Jazz, film, and improvised culture.
Parked: Not a Traveler
Daly’s car is nothing special, but it is still bigger than some Manhattan
studios. Still, it has to be death on
his back to sleep there. Unfortunately,
the man has no choice. Yet, the arrival
of an irresponsible new neighbor in his car-park might spur him to make some
changes in Darragh Byrne’s Parked (trailer here), which opens
today in New York.
is not a bad guy, but he is reserved and stand-offish. In contrast, Cathal O’Regan is a friendly,
outgoing junkie. Before long, he has
Daly attending water aerobics at the local sports center and stepping up his
efforts to get relief (he has no permanent address, which is a major hang-up
for Irish welfare agencies). He is also haltingly
pursuing Jules, a middle-aged Finnish expat music teacher and choir director. Both shy and proud, Daly is a bit reluctant
to admit to her he lives in a car-park (as they call them in the UK). However, efforts to publicize his predicament
may force his hand. Meanwhile,
happy-go-lucky O’Regan is self-destructing like the heroin addict he is.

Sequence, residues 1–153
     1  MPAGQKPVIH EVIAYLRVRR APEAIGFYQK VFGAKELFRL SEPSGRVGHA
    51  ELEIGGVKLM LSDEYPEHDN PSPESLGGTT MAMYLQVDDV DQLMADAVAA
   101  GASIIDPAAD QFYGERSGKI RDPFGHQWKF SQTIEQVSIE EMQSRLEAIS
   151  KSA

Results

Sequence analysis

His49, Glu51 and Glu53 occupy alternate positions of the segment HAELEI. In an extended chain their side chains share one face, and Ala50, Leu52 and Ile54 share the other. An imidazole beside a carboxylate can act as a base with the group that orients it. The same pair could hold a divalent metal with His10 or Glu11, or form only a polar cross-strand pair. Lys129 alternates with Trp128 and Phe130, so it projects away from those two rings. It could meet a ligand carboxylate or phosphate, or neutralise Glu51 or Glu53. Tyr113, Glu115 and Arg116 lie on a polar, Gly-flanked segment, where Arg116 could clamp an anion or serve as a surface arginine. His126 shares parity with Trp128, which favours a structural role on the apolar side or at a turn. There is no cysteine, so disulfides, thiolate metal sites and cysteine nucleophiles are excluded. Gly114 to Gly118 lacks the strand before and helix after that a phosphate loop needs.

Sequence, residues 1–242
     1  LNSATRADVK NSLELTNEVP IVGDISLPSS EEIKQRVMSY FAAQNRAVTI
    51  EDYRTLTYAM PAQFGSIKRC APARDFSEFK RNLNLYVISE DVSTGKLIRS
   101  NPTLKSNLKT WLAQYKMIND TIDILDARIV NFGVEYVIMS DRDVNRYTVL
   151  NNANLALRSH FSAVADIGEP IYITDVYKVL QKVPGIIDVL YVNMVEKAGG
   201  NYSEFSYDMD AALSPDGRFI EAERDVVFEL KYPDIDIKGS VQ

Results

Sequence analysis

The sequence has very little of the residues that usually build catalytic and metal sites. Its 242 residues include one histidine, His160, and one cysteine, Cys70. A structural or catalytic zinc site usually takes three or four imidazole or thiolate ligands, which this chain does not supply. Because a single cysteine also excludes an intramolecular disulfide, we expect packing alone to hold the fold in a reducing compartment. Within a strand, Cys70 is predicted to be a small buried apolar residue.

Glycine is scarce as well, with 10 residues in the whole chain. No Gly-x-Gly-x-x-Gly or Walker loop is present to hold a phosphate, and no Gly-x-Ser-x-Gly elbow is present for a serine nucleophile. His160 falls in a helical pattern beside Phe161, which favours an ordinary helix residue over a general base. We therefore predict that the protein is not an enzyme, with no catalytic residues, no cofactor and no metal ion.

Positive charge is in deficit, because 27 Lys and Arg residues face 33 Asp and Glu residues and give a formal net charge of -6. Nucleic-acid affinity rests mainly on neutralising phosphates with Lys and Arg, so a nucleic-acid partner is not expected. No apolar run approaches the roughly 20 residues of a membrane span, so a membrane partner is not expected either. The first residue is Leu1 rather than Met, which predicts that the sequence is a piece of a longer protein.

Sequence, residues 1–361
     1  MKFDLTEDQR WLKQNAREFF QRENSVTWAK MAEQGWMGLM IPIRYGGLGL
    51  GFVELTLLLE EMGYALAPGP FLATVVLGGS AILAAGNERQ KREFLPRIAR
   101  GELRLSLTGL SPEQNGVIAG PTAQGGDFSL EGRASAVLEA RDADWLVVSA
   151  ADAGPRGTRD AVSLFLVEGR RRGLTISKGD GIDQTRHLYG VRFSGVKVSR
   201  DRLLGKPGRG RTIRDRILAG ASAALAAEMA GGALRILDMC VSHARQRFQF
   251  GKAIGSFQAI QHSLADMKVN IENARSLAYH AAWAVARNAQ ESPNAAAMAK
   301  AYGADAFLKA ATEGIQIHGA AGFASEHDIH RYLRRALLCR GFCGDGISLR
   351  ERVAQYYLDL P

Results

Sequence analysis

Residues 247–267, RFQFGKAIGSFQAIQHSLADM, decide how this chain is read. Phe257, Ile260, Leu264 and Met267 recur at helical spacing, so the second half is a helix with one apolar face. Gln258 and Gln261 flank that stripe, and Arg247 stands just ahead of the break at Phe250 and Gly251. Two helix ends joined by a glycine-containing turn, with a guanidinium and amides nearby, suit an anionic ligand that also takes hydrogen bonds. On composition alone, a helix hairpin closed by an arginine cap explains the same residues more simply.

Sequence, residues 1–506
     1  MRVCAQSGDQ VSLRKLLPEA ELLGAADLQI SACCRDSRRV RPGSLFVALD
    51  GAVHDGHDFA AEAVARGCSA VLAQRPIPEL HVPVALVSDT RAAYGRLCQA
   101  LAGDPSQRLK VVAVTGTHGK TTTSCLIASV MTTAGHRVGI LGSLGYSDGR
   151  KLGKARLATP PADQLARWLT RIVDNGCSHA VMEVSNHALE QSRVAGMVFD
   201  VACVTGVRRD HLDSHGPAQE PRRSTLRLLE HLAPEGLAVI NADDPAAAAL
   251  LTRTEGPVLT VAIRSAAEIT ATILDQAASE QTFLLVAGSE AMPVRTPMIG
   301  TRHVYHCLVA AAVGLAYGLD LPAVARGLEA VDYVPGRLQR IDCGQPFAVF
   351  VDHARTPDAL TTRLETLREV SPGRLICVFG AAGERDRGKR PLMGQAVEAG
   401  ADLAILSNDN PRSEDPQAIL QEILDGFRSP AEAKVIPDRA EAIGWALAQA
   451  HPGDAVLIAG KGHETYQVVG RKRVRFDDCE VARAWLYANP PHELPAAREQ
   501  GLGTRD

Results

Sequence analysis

triumph-over-adversity film about a man trying to get on the dole would have to
be an Irish-Scandinavian co-production, which indeed Parked is. Still, it is an
appealingly straight forward and understated portrayal of redemption, without a
lot of phony sentiment gumming up the works.
In fact, it is a great star vehicle for Colm Meaney. While he has made a career out of playing
grouchy Irishmen, Daly’s dignity and vulnerability elevates him well beyond a
traditional stock character. Shrewdly, Parked implies much about his history
but reveals little.
is nicely complimented by a small but effective ensemble. As O’Regan, Colin Morgan is tragically convincing
both turning on the charm and depicting the twitchy reality of addiction. Stuart Graham also wisely resists false
theatrics as O’Regan’s exhausted father in his limited but memorable scenes. However, Milka Ahlroth is a bit underwhelming
as Daly’s potential love interest.
Parked is a modest film
with a straight-off-the-shelf consumer digital camera look. Nevertheless, it features an impressive lead
performance from Meaney and even presents religion in a positive light. Balancing heart and street smarts, Parked is recommended for fans of Irish
cinema when it opens today (11/30) in New York at the Cinema Village.
Labels: Colm Meaney, Irish Cinema